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Lawyers hired by CBS are about to submit a report to the board of directors concluding that former CEO Leslie Moonves allegedly harassed more women than previously known, dating back more than two decades, The New York Times reported late Tuesday.
Moonves then tried to conceal evidence of his behavior from a team of investigators who were hired to dig for the truth, according to the Times, which said it obtained a copy of the report ahead of its official release to CBS board members.
The investigation was initiated after Moonves stepped down on Sept. 9. The CBS board hired the law firms of Covington & Burling and Debevoise & Plimpton to conduct investigations into the former network chairman.
Hanging in the balance is not only what remains of Moonves’ tattered reputation as a leading Hollywood mogul but also a $120 million severance package that CBS has waiting for him, but only if its investigation deems him worthy of receiving it — and it appears increasingly doubtful that he’ll receive the money.
“The report, by lawyers hired by the network, says the company has justification to deny Mr. Moonves his $120 million severance,” the Times reported.
Moonves “engaged in multiple acts of serious nonconsensual sexual misconduct in and outside of the workplace, both before and after he came to CBS in 1995,” the report says, according to the Times.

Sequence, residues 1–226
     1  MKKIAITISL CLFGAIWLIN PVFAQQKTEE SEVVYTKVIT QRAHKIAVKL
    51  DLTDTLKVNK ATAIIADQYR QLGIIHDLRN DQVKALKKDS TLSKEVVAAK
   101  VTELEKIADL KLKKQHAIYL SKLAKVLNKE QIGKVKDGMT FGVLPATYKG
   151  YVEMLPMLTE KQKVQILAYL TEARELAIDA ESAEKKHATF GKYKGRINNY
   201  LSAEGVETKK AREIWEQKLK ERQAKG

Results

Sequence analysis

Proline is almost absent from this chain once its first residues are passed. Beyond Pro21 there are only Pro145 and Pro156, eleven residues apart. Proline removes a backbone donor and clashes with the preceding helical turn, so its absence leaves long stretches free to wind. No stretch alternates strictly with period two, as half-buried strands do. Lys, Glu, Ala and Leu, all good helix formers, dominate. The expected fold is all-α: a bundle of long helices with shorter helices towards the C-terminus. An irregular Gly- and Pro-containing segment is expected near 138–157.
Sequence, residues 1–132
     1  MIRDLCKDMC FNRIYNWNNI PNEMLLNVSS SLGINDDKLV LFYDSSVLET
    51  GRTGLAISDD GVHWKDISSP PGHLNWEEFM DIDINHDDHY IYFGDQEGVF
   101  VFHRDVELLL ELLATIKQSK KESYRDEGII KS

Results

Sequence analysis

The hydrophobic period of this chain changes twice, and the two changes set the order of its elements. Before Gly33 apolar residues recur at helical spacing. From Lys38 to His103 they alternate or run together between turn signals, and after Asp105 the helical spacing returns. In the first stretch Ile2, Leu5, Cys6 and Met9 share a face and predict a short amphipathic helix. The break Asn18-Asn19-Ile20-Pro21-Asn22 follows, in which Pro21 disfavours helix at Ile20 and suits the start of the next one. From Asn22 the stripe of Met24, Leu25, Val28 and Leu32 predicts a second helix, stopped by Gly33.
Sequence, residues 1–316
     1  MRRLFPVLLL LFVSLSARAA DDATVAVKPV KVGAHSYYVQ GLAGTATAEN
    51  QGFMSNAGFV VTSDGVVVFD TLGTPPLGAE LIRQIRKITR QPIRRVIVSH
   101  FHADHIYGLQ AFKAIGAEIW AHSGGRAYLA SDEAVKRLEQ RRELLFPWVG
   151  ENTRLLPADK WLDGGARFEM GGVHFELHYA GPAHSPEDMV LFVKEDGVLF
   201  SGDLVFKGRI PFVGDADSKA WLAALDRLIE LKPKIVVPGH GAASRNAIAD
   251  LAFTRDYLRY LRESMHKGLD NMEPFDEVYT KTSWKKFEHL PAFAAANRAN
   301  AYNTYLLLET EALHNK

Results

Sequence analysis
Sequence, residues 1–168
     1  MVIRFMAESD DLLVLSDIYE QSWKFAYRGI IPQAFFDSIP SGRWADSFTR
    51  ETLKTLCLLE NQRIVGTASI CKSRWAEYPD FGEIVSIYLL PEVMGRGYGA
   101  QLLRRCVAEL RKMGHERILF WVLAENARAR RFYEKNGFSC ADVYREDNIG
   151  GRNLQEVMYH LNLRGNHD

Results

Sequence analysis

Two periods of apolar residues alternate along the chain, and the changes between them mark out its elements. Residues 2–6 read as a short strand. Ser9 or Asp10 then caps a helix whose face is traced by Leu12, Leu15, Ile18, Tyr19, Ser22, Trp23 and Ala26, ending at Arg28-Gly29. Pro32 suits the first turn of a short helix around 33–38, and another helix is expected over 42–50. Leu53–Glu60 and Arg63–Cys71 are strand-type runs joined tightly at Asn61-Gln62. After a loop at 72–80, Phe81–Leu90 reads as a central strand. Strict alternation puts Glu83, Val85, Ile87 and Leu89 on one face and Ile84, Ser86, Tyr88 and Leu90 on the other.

Those who prepared the report wrote that, when interviewing Moonves, he was “evasive and untruthful at times” and he “deliberately lied about and minimized the extent of his sexual misconduct.”
Investigators said they received “multiple reports” about a network employee who was “on call” to perform oral sex on Moonves, the Times reported.
“A number of employees were aware of this and believed that the woman was protected from discipline or termination as a result of it,” the lawyers wrote in their report. “Moonves admitted to receiving oral sex from the woman, his subordinate, in his office, but described it as consensual.”
CBS declined to comment.
The Times said that the investigators are expected to present the report — which numbers 59 pages thus far but could grow or shrink as it is updated — before CBS holds its annual meeting for shareholders next week.
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